During the time we were there, Enbridge employees appeared to begin responding to a frac-out, which was confirmed by drone footage and in-person investigation by others in our group who traveled to the site via the river. An area of the marsh was totally coated in slick drilling mud, with workers pushing it around with brooms. Enbridge seemed to have vacuum trucks onsite as well, suctioning it out of the marsh. It would be a wild exaggeration to say that this process returned the marsh to a pre-frac-out level of ecological integrity. …

Enbridge initially denied that anything had happened and then backtracked and issued a statement confirming the release.

Andy Pearson

On Wednesday, the MPCA released a frac-out update:

Based on reports from both independent environmental monitors and Enbridge, there have been inadvertent releases of drilling fluid (or mud) at nine construction sites of the Enbridge Energy Line 3 pipeline project. Willow River is the only river crossing where drilling fluid entered the waterway, all others occurred near the drill entry or exit location.

The releases of drilling mud is not uncommon near the drill entry or exit points. The MPCA required that Enbridge include detailed plans on these potential incidents in its permit application and has plans in place to cleanup any spills.


Multiple problems here.

Frac-out near the Mississippi Headwater. Images: Ron Turney

The MPCA statement said there had been frac-outs at nine construction sites. That was news to many water protectors. Yet the agency didn’t name the sites or provide any other information. Were there multiple frac-outs at a given site? How big were they? Why is the MPCA keeping this information so close to the vest? This lack of transparency adds to mistrust.

The MPCA offers the opaque statement that frac-outs mostly occur near the drilling entry or exit spots and they are “not uncommon.” Is the MPCA saying these spills are inconsequential or not really a problem because they are expected?

The MPCA’s statement emphasized only one frac-out occurred in a waterway, the Willow River. That’s false. We know the frac-out near the Headwaters was in a wetland right next to the Mississippi River, not next to a drill pad as the MPCA said. Here’s some drone video footage from Ron Turney.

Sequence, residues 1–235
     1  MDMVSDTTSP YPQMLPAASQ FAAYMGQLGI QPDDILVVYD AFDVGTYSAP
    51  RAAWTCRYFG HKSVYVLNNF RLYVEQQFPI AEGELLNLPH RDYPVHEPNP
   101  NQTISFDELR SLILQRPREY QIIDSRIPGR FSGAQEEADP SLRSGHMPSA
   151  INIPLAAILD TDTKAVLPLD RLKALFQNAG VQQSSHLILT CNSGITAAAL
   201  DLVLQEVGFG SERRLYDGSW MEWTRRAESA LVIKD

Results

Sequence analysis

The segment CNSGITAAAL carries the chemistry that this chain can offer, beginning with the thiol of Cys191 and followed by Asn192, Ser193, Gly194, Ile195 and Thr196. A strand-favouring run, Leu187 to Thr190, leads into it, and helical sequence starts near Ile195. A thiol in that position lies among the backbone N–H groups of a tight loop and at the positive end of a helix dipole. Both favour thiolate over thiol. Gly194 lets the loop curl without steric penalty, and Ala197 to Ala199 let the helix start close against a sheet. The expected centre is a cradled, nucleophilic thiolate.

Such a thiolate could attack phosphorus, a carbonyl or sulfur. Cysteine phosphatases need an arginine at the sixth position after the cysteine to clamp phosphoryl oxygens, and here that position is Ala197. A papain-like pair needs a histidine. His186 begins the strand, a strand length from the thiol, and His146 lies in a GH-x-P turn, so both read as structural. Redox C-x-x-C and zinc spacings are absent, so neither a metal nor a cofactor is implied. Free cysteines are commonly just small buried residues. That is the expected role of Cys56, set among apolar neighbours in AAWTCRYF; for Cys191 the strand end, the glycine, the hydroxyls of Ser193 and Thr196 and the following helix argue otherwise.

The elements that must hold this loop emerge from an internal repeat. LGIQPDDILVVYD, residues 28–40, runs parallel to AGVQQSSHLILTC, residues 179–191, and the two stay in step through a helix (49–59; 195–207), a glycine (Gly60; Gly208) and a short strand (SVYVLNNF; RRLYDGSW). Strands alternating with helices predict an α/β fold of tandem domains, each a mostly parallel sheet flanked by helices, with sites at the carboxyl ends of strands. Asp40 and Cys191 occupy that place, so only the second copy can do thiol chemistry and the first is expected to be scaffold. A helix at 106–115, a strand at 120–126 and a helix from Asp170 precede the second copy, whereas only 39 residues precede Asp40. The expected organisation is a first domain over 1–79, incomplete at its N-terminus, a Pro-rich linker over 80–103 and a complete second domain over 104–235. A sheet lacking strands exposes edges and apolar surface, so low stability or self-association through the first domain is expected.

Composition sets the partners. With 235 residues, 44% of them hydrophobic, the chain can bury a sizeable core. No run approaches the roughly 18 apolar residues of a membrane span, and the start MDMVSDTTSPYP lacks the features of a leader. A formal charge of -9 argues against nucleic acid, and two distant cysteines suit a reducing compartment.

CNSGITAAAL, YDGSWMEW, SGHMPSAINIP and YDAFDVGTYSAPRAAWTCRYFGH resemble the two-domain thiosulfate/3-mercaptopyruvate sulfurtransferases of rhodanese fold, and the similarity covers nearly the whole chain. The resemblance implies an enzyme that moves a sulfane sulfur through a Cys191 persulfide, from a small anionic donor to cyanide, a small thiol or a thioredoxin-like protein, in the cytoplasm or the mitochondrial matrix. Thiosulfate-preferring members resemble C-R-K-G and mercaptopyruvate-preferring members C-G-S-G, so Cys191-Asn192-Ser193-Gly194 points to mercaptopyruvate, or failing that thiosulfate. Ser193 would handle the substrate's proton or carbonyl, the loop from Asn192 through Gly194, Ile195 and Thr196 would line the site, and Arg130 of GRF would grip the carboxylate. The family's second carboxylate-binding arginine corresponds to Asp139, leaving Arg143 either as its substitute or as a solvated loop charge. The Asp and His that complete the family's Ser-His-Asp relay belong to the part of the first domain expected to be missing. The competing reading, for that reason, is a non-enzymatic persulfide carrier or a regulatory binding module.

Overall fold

The MPCA described the spill using the industry-friendly term “inadvertent.” It’s a term that suggests Enbridge is blameless. Yet it could just as easily be true that Enbridge is working as fast as it can to finish the job, and has budgeted money to pay for minimal frac-out fines rather than working more slowly and carefully. (We don’t even know if Enbridge will get fined for frac-outs. The MPCA won’t comment on an ongoing investigation.)

File photo: Dawn Goodwin, RISE Coalition

Dawn Goodwin, White Earth tribal member, co-founder of the RISE Coalition, and representative of Indigenous Environmental Network, said people warned regulators that this area “was the worst possible place for a pipeline.”

“The original people of these lands know this place, with the Mississippi River in the La Salle valley, is special, and we were told in our teachings to protect it with out lives–and they’ve already contaminated it before the pipe is even installed.”

Christy Dolph, water resources scientist, was at the frac-out site and wondered where the monitors were. “If there were not water protectors on site would anyone know about this spill?” Dolph said in a media release. “When people call the MPCA there is not a ready response, the only people we saw during the spill were Enbridge workers.  It looks like there is no oversight from state agencies on the ground.”

The MPCA’s statement said it got its information from “independent environmental monitors and Enbridge.” As this blog has noted in the past, there are questions about how “independent” the “independent monitors” are. These are not regular MPCA employees. They are workers that Enbridge pays to work on behalf of the state. Enbridge selected them and trained them. Half have worked for Enbridge in the past.

A lot of people don’t trust the MPCA and its consistently pro-industry stance. Water protectors have begun collecting their own water samples at frac-out sites because they haven’t observed anyone else doing it.

These frac-outs are one small example in gigantic pile of Line 3 problems.

The MPCA’s posture makes it clear where the agency stands. It’s with Enbridge, not with its mission to protect and improve the environment.